On top of the world after tough Kilimanjaro climb

Butterworth’s Anda Nqonji can only go higher after achievement

She threw up for most of the journey, felt dizzy, altitude got the best of her, almost gave up as her body could not take it anymore, but at the end of the day, she reached the peak of Africa as she successfully climbed Mount Kilimanjaro on Wednesday.
What kept Butterworth-born Anda Nqonji, 27, going was knowing she had put her body on the line for a good cause.
She was among two teams from the Trek4Mandela initiative hosted by the Ibumba Foundation that climbed Mount Kilimanjaro to raise funds to buy sanitary towels for school girls from poor families.
Speaking from Tanzania on Friday, Nqoji told the Daily Dispatch that her body was put to the ultimate test.
“Altitude sickness got me at 5,000m above sea level and I had the most terrible headaches. I threw up most of my journey and felt dizzy, extremely tired, short of breath and so many times I wanted to give up. But I just couldn't bring myself to do it.”Nqonji said she kept thinking about all the young girls who were vouching and relying on her. “I could not help but see myself in them and I just couldn't fail them. The support I received back home was indescribable, it just kept me pushing.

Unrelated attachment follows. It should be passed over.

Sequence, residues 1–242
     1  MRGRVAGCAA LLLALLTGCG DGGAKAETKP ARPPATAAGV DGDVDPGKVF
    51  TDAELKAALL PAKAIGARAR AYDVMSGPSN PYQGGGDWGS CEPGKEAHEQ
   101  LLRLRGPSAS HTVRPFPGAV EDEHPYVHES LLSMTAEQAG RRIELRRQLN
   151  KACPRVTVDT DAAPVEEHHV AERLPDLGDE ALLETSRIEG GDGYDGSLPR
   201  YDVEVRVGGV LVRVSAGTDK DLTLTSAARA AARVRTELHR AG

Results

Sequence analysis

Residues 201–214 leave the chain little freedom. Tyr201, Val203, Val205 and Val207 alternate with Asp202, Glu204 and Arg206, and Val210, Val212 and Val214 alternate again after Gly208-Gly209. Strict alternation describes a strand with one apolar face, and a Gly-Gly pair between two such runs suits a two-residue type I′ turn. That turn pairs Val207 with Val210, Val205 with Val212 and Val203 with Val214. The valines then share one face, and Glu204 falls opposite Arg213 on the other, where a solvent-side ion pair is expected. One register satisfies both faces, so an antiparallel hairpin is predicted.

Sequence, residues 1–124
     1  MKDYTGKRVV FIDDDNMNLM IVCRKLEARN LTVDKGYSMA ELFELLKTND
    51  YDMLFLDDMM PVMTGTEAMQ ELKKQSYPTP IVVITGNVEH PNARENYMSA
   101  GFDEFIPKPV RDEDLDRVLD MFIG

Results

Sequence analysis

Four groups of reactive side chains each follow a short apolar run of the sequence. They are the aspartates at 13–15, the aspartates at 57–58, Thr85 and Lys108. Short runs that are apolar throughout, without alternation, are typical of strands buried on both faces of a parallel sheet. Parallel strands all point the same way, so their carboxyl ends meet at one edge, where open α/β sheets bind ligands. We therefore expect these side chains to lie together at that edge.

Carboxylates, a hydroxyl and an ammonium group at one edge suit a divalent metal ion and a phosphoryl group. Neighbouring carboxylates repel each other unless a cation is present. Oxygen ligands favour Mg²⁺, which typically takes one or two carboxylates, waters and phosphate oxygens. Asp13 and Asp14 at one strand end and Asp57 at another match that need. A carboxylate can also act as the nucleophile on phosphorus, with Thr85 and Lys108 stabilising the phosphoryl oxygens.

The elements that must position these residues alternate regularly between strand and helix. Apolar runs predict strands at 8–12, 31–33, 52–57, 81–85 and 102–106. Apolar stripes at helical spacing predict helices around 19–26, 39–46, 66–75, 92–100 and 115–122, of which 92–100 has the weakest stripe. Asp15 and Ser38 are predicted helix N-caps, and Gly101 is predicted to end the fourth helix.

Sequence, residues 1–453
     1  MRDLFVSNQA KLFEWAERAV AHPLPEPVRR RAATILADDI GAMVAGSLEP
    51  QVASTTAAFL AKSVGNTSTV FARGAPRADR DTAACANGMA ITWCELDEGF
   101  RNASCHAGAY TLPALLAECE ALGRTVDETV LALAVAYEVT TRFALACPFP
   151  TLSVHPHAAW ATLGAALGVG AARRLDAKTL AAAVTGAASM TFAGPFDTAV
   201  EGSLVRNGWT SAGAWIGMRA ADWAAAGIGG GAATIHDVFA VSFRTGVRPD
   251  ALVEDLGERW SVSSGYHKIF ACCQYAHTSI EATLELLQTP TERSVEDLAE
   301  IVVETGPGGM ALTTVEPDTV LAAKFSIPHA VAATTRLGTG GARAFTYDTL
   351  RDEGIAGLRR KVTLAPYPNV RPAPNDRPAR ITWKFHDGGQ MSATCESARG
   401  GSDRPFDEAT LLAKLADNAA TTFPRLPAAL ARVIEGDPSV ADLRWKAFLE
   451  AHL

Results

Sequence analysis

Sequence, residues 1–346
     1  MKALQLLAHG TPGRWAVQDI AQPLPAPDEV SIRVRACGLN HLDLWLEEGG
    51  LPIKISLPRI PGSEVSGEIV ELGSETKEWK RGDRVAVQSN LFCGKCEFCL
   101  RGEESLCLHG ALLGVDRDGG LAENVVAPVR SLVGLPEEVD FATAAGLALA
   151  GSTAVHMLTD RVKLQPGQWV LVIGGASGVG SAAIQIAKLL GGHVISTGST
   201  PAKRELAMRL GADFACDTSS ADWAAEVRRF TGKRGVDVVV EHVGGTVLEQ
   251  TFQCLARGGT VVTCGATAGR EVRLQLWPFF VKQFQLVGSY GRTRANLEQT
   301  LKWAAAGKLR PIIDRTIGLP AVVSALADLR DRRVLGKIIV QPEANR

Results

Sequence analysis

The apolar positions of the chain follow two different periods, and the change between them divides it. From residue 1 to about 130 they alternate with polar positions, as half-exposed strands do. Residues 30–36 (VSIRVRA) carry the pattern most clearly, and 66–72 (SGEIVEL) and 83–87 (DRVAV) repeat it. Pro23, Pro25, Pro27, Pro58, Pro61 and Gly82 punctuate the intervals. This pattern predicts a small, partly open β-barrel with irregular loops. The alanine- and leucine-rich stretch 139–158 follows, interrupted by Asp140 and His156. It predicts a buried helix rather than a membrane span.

“It was over 30 hours of pain and struggle, but this is now something I had to go through for a day, yet the girls I did this for experience it every day of their lives,” she said.
The SABC journalist said she was happy about her involvement which tested her endurance and gave her an opportunity to learn a little more about herself.
“ The journey began on Monday, when we walked for approximately10 hours, it's been a series of long walks leading to the actual day. We had to take a climatisation walk of four hours on our ‘rest day’,” she recalled.
Nqonji said the summit night began on Wednesday at about 11pm.
“It was freezing cold outside, at about -17°C when we our group started out on our journey to the peak of Uhuru, one of the highest points in Africa.”
The expedition was established by social entrepreneur and humanitarian, Richard Mabaso seven years ago and is now headed by renowned South African adventurer and motivational speaker Sibusiso Vilane.
The Trek4Mandela website says Vilane is the first black African to conquer the three poles challenge which comprise the South and North Pole including Mount Everest.Nqonji, a journalism graduate from the Walter Sisulu University, said she resonated with plight poor young girls hence she jumped at the opportunity.
“I was really moved by the statistics that show that millions of young under privileged girls miss school annually, because of lack of sanitary towels, missing approximately a third of their studies.
“I decided to take on this journey because I resonate with this plight. Coming from a disadvantaged home and community myself. “I know exactly how it feels not to have the most basic needs,” she added.
To make your pledge and donate towards buying sanitary towels for schoolgirls, SMS “Anda” to 42513. SMSed cost R30...

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